LA’s regional foodshed, which spans the 200 mile, ten-county region, is the largest producer of fruits, vegetables and nuts in the nation. Yet most of our produce is exported outside the region, often at an economic loss to small and mid-sized farmers. Farmers unable to compete in the global market sell off their land to developers, draining the local economy and also contributing to sprawl. Despite the abundance that surrounds us, many urban residents lack access to fresh and healthy food and consequently suffer from the paradox of hunger and obesity, which disproportionately impacts low-income communities of color.

    With 10 million residents (26% of CA's population), LA County accounts for a significant portion of the food purchased in the state. Due to the size of the LA market, leveraging the purchasing power of large institutions to serve healthy, local and sustainable food can offer enormous benefit to our region’s producers, health of consumers and workers, and our natural resources.

    Large institutions (hospitals, schools, universities) in Los Angeles serve millions of meals every day. These meals should be healthy and prepared with sustainably sourced ingredients. To help reach this goal, the GFPP recognizes and rewards major meal providers that follow healthy, sustainable procurement practices. Through a point system, the program promotes increasing levels of achievement in five crucial categories: (1) local economies, (2) environmental sustainability, (3) valued workforce, (4) animal welfare, and (5) nutrition. To encourage participation, our program provides technical assistance in sourcing, monitoring progress, and measuring and recognizing success. With a clear standard to aspire to, institutions will demand better ingredients from producers and provide better meals to consumers.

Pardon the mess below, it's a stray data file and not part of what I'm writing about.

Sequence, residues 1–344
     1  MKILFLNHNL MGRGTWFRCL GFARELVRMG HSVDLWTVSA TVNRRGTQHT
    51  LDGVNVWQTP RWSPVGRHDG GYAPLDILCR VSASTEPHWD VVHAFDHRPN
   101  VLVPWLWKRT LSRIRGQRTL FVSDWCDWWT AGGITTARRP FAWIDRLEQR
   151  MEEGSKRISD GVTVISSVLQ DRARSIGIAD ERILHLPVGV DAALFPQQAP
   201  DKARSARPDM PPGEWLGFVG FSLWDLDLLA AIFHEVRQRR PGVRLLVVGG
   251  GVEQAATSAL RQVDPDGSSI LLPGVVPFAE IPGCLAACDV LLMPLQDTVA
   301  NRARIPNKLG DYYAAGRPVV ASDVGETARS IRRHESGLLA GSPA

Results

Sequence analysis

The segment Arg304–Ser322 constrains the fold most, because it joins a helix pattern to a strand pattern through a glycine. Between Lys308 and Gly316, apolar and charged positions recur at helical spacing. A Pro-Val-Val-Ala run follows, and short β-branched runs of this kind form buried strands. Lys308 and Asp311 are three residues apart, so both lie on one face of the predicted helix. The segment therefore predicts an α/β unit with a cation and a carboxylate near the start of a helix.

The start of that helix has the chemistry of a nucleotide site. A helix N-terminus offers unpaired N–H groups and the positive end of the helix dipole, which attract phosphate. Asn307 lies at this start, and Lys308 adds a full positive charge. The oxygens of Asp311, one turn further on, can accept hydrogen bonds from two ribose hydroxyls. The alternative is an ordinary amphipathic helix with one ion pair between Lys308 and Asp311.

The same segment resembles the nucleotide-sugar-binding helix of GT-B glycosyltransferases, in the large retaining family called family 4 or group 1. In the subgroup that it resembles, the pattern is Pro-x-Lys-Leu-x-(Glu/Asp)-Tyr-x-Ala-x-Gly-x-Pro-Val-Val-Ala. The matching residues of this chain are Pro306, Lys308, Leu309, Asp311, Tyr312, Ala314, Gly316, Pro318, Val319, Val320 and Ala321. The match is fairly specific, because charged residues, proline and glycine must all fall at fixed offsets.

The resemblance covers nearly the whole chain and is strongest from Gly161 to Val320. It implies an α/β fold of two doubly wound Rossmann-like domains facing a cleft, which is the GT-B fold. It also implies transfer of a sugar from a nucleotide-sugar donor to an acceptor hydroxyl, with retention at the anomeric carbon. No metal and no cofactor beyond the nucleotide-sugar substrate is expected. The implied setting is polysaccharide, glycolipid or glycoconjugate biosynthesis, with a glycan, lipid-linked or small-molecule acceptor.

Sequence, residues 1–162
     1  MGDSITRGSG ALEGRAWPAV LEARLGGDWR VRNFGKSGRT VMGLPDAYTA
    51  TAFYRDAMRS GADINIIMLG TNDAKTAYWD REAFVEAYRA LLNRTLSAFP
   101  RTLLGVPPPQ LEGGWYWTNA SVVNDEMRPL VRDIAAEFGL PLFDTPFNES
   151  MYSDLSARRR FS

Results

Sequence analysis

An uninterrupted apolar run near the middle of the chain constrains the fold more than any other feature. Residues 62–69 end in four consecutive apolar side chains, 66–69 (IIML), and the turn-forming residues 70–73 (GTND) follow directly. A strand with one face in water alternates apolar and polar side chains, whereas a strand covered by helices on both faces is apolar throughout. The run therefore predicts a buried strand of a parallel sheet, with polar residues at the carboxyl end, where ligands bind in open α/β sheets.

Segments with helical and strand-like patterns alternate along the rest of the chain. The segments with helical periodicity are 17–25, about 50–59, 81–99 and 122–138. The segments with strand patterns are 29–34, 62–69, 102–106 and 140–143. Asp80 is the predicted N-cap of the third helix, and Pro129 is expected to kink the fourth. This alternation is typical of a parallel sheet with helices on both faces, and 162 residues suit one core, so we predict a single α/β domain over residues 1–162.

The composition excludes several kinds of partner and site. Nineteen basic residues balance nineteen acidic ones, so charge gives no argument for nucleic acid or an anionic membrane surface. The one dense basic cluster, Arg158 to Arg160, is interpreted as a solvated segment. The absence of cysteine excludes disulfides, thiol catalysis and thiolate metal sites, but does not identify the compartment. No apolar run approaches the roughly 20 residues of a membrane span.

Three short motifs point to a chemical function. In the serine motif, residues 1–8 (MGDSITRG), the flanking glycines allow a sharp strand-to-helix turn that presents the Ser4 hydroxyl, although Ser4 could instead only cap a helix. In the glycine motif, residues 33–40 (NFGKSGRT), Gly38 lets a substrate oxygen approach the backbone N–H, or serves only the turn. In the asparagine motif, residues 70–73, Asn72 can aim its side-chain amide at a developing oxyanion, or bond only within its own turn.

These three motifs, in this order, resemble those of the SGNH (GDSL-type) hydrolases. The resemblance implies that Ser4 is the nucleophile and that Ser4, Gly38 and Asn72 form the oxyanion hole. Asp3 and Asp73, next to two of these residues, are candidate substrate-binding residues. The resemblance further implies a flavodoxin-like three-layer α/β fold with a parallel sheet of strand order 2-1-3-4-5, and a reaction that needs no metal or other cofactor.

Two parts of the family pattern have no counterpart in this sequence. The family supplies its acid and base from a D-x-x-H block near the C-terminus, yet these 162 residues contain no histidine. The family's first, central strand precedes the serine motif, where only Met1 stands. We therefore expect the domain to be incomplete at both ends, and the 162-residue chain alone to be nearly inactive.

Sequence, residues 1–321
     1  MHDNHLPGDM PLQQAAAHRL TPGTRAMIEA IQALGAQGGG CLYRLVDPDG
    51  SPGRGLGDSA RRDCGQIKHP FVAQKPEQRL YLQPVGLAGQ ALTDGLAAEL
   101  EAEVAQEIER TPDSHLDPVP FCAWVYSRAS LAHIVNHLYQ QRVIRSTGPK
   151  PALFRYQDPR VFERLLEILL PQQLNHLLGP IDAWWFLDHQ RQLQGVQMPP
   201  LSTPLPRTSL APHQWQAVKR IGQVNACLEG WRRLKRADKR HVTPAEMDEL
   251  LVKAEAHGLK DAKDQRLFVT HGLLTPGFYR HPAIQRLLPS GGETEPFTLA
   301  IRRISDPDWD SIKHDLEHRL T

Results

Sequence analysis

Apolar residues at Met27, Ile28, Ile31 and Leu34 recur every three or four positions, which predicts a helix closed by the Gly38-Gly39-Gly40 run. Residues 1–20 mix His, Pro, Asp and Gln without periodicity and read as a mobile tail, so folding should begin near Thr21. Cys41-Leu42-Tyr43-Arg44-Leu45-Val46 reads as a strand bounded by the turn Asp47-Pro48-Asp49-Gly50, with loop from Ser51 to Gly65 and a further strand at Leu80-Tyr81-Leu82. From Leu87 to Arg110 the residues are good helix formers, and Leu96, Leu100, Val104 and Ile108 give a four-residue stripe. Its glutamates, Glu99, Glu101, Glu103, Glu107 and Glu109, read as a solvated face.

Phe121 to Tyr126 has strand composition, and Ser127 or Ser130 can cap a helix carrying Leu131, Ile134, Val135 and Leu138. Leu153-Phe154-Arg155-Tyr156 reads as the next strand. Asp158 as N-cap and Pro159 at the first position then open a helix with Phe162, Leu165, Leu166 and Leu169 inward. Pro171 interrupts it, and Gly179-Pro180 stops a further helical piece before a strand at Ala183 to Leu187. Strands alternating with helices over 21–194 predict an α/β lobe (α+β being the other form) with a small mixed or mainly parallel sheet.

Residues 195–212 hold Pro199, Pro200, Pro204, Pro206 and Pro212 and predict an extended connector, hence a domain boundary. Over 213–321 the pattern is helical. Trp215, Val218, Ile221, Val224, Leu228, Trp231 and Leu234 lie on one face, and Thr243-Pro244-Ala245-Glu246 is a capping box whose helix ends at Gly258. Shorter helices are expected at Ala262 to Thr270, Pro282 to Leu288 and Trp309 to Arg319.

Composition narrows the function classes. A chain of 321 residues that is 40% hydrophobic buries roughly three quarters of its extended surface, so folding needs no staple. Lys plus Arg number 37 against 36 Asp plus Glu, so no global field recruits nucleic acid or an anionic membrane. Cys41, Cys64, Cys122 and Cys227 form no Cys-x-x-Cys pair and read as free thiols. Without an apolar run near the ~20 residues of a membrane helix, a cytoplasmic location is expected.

Recent adoption of GFPP by the City of LA and LA Unified School District (LAUSD) marks a major accomplishment in the strengthening of a sustainable regional food system. Through this program, we are working to increase the consumption of Good Food and improve the quality of 750,000 meals served daily by LAUSD and City of LA nutrition programs and facilities. This will also create an economic shift to increase affordability and availability of Good Food, with resulting benefit to the water, air, and public health of all.

    Successful implementation and scalability of GFPP requires infrastructure to enable institutions to comply with GFPP’s standards. Funding from LA2050 would help LAFPC recruit more institutions to adopt the Good Food Purchasing Pledge and support implementation efforts, including technical assistance and an annual public recognition event for Good Food Purchasers and Good Food Vendor Showcase at City Hall on national Food Day to celebrate purchasers’ commitment and progress, while facilitating relationships between growers, distributors, vendors and GFPP institutions.